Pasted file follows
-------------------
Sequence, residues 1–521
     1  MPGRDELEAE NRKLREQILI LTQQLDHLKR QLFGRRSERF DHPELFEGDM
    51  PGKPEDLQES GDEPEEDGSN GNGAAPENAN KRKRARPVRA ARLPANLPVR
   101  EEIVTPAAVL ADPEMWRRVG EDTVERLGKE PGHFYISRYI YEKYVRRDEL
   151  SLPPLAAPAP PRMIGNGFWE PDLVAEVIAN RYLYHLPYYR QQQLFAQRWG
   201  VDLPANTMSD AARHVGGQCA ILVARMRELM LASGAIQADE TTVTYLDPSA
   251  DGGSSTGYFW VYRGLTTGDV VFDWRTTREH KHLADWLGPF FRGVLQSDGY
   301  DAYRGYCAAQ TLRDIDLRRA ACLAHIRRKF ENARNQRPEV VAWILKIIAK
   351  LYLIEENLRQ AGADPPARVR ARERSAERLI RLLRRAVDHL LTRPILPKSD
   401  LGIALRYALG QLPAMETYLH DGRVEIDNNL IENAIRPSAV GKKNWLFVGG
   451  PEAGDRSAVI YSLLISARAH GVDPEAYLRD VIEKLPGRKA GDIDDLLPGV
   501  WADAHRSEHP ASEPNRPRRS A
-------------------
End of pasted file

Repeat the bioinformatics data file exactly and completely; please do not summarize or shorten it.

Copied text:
Sequence, residues 1–521
     1  MPGRDELEAE NRKLREQILI LTQQLDHLKR QLFGRRSERF DHPELFEGDM
    51  PGKPEDLQES GDEPEEDGSN GNGAAPENAN KRKRARPVRA ARLPANLPVR
   101  EEIVTPAAVL ADPEMWRRVG EDTVERLGKE PGHFYISRYI YEKYVRRDEL
   151  SLPPLAAPAP PRMIGNGFWE PDLVAEVIAN RYLYHLPYYR QQQLFAQRWG
   201  VDLPANTMSD AARHVGGQCA ILVARMRELM LASGAIQADE TTVTYLDPSA
   251  DGGSSTGYFW VYRGLTTGDV VFDWRTTREH KHLADWLGPF FRGVLQSDGY
   301  DAYRGYCAAQ TLRDIDLRRA ACLAHIRRKF ENARNQRPEV VAWILKIIAK
   351  LYLIEENLRQ AGADPPARVR ARERSAERLI RLLRRAVDHL LTRPILPKSD
   401  LGIALRYALG QLPAMETYLH DGRVEIDNNL IENAIRPSAV GKKNWLFVGG
   451  PEAGDRSAVI YSLLISARAH GVDPEAYLRD VIEKLPGRKA GDIDDLLPGV
   501  WADAHRSEHP ASEPNRPRRS A